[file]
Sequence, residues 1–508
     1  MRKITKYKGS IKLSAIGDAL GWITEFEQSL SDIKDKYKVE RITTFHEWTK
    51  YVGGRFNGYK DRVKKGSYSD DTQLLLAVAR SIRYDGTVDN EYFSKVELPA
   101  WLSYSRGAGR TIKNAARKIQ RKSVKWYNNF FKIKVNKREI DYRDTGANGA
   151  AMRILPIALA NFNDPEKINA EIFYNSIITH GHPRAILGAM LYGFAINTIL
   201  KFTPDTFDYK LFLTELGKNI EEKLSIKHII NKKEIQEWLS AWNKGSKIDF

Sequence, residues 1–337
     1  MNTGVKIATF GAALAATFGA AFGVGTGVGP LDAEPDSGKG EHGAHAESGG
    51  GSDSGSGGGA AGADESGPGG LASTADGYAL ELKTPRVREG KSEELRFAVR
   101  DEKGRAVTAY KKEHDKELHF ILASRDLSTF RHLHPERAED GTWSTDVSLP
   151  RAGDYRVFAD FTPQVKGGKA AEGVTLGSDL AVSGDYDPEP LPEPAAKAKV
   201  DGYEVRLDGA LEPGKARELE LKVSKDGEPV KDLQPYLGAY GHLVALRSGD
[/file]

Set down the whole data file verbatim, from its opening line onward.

Sequence, residues 1–508
     1  MRKITKYKGS IKLSAIGDAL GWITEFEQSL SDIKDKYKVE RITTFHEWTK
    51  YVGGRFNGYK DRVKKGSYSD DTQLLLAVAR SIRYDGTVDN EYFSKVELPA
   101  WLSYSRGAGR TIKNAARKIQ RKSVKWYNNF FKIKVNKREI DYRDTGANGA
   151  AMRILPIALA NFNDPEKINA EIFYNSIITH GHPRAILGAM LYGFAINTIL
   201  KFTPDTFDYK LFLTELGKNI EEKLSIKHII NKKEIQEWLS AWNKGSKIDF

Sequence, residues 1–337
     1  MNTGVKIATF GAALAATFGA AFGVGTGVGP LDAEPDSGKG EHGAHAESGG
    51  GSDSGSGGGA AGADESGPGG LASTADGYAL ELKTPRVREG KSEELRFAVR
   101  DEKGRAVTAY KKEHDKELHF ILASRDLSTF RHLHPERAED GTWSTDVSLP
   151  RAGDYRVFAD FTPQVKGGKA AEGVTLGSDL AVSGDYDPEP LPEPAAKAKV
   201  DGYEVRLDGA LEPGKARELE LKVSKDGEPV KDLQPYLGAY GHLVALRSGD